Yet sloth is a sin against God, and not against the time clock or productivity. The fact is that it’s possible to work too much, in a way that’s not in keeping with our dignity and ultimate good. The essence of sloth is a failure to fulfill one’s basic duties. Surely one such duty is the human vocation to work. Yet another such duty is the enjoyment of leisure, to take time for worship. The gentleman lying on the sofa may be a more popular image of sloth, but the workaholic, who’s on the job 24-7 and in the process neglects God and family, is the more typical manifestation of sloth in our culture.

Russian author Aleksandr Solzhenitsyn put it this way:
“In the United States the difficulties are not a Minotaur or dragon—not imprisonment, hard labor, death, government harassment, and censorship—but cupidity, boredom, sloppiness, indifference. Not the acts of a mighty, all-pervading, repressive government, but the failure of a listless public to make use of the freedom that is its birthright” (quoted in William J. Bennett, “Redeeming Our Time,” Imprimis, November 1995).
Work and leisure are both products of human freedom, and both are intimately tied to our ultimate good. Most of us understand and periodically struggle with the natural aversion to work, but why do we find it so difficult to enjoy leisure? Why do we consign ourselves to a joyless workaholism instead of striking a healthy balance in our lives? There are many reasons for this strange phenomenon, but I’d like to point out a few contributing factors that reflect the spiritual malaise of our time.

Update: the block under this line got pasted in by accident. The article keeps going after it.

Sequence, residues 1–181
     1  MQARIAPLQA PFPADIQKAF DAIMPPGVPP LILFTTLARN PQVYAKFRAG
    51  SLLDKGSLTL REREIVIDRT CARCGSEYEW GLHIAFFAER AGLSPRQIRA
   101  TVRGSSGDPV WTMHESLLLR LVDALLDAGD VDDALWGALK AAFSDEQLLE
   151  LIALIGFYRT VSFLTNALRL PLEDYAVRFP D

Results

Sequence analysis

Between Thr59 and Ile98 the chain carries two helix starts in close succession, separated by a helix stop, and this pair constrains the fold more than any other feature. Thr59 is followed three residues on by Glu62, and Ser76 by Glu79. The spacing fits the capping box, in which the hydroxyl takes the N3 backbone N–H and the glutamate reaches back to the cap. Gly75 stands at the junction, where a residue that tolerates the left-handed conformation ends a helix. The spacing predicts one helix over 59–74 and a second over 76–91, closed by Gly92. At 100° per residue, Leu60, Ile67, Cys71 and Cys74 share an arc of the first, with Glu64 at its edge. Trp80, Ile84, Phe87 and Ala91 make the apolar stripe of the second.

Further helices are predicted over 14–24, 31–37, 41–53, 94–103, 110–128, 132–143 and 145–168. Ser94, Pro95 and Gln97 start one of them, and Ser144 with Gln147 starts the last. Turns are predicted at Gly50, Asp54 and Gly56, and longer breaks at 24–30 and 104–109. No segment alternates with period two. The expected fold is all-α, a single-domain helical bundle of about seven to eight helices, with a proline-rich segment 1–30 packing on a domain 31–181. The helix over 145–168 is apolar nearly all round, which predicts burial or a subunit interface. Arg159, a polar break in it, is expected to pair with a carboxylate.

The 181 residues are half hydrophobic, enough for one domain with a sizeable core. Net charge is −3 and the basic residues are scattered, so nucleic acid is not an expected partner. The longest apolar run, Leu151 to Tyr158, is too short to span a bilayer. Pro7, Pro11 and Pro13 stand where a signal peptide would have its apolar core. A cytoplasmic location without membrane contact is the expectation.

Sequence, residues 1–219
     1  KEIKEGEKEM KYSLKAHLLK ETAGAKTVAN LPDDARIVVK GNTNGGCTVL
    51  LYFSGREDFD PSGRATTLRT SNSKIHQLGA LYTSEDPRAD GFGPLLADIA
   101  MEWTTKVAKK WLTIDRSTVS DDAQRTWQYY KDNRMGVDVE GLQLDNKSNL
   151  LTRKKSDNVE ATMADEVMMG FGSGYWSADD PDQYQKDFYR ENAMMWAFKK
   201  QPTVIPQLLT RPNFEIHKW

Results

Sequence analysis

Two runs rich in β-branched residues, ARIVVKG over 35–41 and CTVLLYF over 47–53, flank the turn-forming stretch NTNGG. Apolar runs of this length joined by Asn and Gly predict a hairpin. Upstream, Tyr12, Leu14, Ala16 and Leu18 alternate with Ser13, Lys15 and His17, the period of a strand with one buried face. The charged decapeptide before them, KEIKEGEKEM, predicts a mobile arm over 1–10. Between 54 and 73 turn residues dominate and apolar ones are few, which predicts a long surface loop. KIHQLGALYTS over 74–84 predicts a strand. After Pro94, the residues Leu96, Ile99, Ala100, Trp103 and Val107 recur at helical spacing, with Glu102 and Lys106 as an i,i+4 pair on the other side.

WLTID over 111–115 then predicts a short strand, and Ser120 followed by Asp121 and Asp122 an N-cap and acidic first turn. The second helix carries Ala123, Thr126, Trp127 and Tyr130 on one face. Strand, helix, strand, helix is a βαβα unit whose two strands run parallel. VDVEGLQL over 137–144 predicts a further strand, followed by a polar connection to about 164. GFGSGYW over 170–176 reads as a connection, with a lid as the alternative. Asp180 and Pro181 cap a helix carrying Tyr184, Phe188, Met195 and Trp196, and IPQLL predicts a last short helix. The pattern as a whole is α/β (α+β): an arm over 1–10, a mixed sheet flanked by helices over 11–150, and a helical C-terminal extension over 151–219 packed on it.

First, Pope John Paul II, in his 1995 encyclical on the Gospel of Life (Evangelium Vitae), identified “the heart of the tragedy being experienced by modern man: the eclipse of the sense of God and of man” (no. 21). He noted that “when the sense of God is lost, there is also a tendency to lose the sense of man, of his dignity and his life” (no. 21). The Holy Father was speaking to us: We in the west have largely lost the sense of God, leading to a loss of our own sense of purpose or mission. This has inexorably led to the societal emptiness and lack of passion that Solzhenitsyn saw so clearly decades ago. A striking correlation exists between the rise of secular atheism and boredom, as the reduction of human existence to the merely material divests it of its intended richness and meaning. This can only lead to the worldly sadness that leads to despair and ultimately death (cf. 2 Cor. 7:10).

Amusing Ourselves to Death